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May 25, 2010

Archos PMA430

Calling the Archos PMA430 a digital audio player is like calling a Swiss Army knife a can opener. It's all that, but it's much more, too. In addition to digital audio, the PMA430 also does video and is a photo viewer. It records line in or microphone, and records video, complete with a timer to catch your favorite show or movie. It also has a fairly functional PDA, and the color screen is touch-sensitive, with handwriting input and a pop-up keyboard. It's also a USB host, so you can download pictures from your digital camera.

And if that weren't enough, it has built-in WiFi and an Opera browser, so you can download new songs, check the news, and do your email while you're sitting in Starbucks! But this is the Serious Personal Audio site, and if the PMA430 didn't do great audio, I wouldn't be talking about it--or at least not in such positive terms.

As you can see from the list of capabilities, the PMA430 is in a different class than music players. It's bigger and heavier (10 ounces instead of the usual 4 to 6), but the color screen is large enough and sharp enough that you can watch movies enjoyably, and the touch screen beats buttons, scroll wheels, and all the other audio player user interfaces. It costs more, too. But the extra features may make the $600-plus price worth your consideration.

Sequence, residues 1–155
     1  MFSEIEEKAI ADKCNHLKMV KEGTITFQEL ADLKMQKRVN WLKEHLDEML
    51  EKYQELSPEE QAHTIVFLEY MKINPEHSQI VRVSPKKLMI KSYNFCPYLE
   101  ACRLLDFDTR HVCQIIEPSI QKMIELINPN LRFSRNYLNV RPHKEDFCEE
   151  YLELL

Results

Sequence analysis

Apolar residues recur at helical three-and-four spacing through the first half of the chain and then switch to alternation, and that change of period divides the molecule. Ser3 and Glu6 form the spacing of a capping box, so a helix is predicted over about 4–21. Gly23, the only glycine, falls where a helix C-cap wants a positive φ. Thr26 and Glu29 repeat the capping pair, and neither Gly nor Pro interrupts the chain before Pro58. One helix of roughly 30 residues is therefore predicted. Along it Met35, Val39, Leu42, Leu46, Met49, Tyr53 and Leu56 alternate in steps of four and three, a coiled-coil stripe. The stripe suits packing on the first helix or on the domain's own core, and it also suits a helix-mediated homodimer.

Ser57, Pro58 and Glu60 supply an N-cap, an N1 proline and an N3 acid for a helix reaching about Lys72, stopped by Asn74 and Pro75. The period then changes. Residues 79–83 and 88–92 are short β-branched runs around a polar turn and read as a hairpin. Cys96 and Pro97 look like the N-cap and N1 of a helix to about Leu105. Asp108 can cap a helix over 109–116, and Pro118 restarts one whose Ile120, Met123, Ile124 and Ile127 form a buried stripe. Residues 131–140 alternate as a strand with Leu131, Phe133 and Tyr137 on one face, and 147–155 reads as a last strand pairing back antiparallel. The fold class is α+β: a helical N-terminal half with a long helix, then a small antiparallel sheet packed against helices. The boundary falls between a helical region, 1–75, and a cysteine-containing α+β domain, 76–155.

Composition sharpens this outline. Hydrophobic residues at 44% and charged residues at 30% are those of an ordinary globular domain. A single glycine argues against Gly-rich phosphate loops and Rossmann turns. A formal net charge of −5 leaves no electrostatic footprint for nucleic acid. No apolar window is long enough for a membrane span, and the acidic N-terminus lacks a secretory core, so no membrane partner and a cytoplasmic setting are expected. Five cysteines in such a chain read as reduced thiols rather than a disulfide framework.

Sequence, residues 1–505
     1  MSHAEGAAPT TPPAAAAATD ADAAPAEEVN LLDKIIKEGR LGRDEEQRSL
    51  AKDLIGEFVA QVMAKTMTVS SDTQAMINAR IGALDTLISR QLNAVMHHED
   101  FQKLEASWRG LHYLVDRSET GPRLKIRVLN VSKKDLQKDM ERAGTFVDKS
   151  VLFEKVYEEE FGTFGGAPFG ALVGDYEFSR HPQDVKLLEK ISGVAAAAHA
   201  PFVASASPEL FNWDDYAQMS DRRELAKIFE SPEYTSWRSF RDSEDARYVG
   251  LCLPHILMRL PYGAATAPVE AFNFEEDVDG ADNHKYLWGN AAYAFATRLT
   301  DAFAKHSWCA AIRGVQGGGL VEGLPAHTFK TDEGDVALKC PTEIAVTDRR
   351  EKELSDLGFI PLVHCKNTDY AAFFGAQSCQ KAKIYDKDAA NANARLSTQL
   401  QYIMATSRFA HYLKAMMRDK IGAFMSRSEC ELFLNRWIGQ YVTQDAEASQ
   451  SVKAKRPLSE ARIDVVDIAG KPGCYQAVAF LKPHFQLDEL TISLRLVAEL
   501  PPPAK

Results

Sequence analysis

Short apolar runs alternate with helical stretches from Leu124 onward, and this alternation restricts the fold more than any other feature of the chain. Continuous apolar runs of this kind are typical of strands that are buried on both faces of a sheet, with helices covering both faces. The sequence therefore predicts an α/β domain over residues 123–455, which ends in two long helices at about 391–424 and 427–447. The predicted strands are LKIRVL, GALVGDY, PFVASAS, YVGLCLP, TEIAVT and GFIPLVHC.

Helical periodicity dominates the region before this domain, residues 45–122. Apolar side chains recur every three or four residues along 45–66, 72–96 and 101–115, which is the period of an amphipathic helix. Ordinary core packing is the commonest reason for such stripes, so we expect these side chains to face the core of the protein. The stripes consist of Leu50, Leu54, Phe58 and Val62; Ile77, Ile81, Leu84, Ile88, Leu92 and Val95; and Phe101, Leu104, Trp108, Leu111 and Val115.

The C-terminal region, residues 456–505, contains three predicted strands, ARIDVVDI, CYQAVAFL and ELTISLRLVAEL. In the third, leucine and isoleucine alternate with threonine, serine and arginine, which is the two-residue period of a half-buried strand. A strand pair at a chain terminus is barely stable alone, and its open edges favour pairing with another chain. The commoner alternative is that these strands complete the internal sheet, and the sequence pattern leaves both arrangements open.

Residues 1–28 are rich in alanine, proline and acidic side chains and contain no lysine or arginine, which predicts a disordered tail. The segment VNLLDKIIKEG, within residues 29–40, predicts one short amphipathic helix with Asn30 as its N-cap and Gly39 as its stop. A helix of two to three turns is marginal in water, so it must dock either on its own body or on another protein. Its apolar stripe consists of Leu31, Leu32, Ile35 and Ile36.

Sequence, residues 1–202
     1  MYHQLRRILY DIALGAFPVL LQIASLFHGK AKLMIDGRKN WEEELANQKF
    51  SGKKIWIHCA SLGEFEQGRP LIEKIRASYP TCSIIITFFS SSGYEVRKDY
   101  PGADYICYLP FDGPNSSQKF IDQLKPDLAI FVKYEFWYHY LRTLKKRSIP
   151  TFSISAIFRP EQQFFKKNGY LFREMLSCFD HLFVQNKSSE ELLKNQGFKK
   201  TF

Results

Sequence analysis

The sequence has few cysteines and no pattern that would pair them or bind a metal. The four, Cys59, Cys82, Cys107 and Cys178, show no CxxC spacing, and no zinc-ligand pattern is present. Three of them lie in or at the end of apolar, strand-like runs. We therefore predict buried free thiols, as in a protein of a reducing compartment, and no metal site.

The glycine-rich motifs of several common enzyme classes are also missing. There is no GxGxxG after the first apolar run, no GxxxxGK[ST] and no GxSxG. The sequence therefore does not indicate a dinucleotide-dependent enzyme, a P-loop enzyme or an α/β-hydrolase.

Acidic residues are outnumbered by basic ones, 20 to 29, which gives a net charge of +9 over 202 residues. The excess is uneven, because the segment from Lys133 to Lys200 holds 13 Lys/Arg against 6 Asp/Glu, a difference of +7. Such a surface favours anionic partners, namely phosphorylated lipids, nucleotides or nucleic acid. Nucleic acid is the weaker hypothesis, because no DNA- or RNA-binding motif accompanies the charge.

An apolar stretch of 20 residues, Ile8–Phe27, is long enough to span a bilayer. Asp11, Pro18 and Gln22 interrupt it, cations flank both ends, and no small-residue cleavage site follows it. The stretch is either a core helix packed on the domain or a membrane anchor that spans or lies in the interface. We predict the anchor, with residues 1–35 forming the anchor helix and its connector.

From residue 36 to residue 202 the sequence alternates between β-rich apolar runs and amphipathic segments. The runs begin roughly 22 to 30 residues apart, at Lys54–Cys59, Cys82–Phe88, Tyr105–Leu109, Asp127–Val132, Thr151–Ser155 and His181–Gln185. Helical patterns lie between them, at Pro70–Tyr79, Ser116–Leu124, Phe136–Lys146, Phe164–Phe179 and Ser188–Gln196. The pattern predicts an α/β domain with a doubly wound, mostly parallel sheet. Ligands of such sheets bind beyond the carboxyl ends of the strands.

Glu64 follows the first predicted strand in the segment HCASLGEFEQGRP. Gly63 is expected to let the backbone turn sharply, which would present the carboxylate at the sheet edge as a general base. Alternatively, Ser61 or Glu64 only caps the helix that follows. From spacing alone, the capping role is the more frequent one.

The display screen while music is playing is complete and informative, without silly animations such as those on the the Toshiba gigabeat, and you can pop up the EQ window at any time, browse to another selection, or use PDA functions.

Overall audio performance is impeccable, with lots of power on tap. Headroom is important in audio for realistic performance when peaks and crescendos come along. It's also critical to good bass performance because low-impedance headphones tax the player heavily. The PMA430 drove my loudness test track to an undistorted 107-110dB through the provided earbuds, with peaks of 118dB. That's painfully loud, and nobody turns it up that high (at least I hope not). But the extra power is there when it's needed, and lets the PMA430 sound lively and unconstrained.

Freequency response is reasonably flat throughout the range, although with the usual bit of droop at the bottom end from headphone loading. Still, the droop is less than any other portable player I've yet encountered: